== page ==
Local History and Genealogy

Monday, January 24, 2011

Leopold Weicht Obituary

    Died at his home in Angola, Indiana, Feb. 7, 1896, Leopold E. Weicht, aged 65 years, six months, and one day.
    Deceased was born at Emmendingen, Grand Duchy of Baden , Germany, and came with his parents to America in September, 1832, and in 1834 came to Ohio.  In 1843 he came to Salem Township, this county, and after a time returned to Cleveland, Ohio, where on August 10, 1852, he was joined in marriage with Miss Catherine Schaab.  In 1854 they removed to Angola where they have since resided. To this union was born seven children, two dying in infancy, the others, Henry B., Mrs Josephine Zipfel, Samuel J., Mrs Elizabeth Bachelor, of Angola, and Mrs Katie R. Willett, of Montpelier, Ohio. together with their mother, survive to mourn their great loss.
    Mr. Weicht was a man who prided himself on being strictly honest with his fellow men, and was a kind neighbor.  His bereaved children will ever remember him as one who took great delight in their childish sports, and as they grew to manhood and womanhood his love and interest for their welfare did not lessen, and the wife fully realizes that she has lost a good and kind husband.
    Mr Weicht was on the first accessions to Angola Lodge, I.O.O.F. upon its organization in 1857, and ever since he has been faithful and devoted to the principles of the order.  Funeral services were held at the M.E. Church on Sunday afternoon under the auspices of the order, Elder Ervin officiating.

Steuben Republican  February 12, 1986

Wednesday, January 12, 2011


Most Expensive and Dangerous Conflagration that Ever Visited Angola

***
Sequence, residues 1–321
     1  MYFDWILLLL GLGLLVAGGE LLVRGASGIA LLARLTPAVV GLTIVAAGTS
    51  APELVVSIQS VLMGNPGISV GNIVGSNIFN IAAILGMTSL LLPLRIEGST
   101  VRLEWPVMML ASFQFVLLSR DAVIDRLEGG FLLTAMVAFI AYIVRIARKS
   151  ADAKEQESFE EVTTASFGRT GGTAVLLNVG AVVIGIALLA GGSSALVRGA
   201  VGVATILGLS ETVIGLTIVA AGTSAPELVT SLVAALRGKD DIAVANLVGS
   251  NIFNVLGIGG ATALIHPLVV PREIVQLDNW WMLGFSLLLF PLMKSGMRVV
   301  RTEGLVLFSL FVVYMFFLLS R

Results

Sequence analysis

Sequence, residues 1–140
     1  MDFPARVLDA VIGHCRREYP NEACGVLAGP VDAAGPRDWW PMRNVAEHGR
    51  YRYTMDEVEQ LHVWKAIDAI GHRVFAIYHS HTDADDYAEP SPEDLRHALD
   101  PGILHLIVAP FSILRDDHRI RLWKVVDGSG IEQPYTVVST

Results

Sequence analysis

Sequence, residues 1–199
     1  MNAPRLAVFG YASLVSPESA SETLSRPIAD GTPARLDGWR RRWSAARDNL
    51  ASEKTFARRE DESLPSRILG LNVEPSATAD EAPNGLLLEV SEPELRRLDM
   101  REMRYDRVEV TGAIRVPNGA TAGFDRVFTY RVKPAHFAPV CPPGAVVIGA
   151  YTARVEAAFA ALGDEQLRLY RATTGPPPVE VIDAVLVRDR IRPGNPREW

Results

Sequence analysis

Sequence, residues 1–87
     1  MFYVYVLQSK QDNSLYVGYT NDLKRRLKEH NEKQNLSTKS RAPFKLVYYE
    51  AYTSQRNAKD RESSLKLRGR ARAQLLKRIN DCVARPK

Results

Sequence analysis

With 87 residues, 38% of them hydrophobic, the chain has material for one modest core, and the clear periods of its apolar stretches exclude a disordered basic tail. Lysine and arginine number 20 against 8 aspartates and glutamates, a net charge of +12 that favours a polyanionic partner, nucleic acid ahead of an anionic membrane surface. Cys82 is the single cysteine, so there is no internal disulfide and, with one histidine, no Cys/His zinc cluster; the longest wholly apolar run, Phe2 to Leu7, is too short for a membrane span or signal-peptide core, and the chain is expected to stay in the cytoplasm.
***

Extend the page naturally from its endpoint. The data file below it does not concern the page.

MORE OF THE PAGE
Including Grain Elevator - High Wind Causes Great Peril To City --- Heroic Work of Brave Fireman

      On Friday evening of last week, about 7:40 o'clock, a spark from the engine of the south bound passenger train caught in the roof of the freight depot at the south end of the building and within an incredibly short space of of time the entire structure was a seething furnace of flames.  An unusually strong wind was blowing from the southwest, and when it became certain that there was no chance to extinguish the fire in the freight depot, men's hearts trembled with fear for the safety of the city.  It is safe to say that Angola in all the years of its history never before saw a conflagration so menacing and so horrifying  in its possibilities as this fire promised to be.  The wind, as it  blew a gale, carried in its current a perfect stream of burning shingles and pieces of boards which drifted as far north as Fairview before falling to the ground.  Near at hand to the burning depot were the coal yards of Mrs. Linder, the battery of oil tanks of the Standard Oil Company, Owens packing house, and the well stocked lumber yards of Shank & Son.  IN the face of all of these appalling circumstances the local fire company, which had responded with alacrity to the alarm, worked with a zeal, courage, and wisdom they very memory of which must make the hearts of all our citizens thrill with a just pride.  
    Hundreds of volunteers with tubs and buckets of water were stationed at different points of danger, on the roofs of houses and barns and in the lumber yard and sheds near the burning depot. It took but a few moments for the destruction of the offices and storage rooms in the burning building , but the grain elevator constructed of plank nailed one upon another, made a furnace that became heated to a white heat.The sow storm of the week before over which we offered so much complaint, was indeed the salvation of our city, but in spite of the dampness that still remained, it was estimated that as many as a dozen buildings were on fire at the same time, and some of them caught half a dozen times.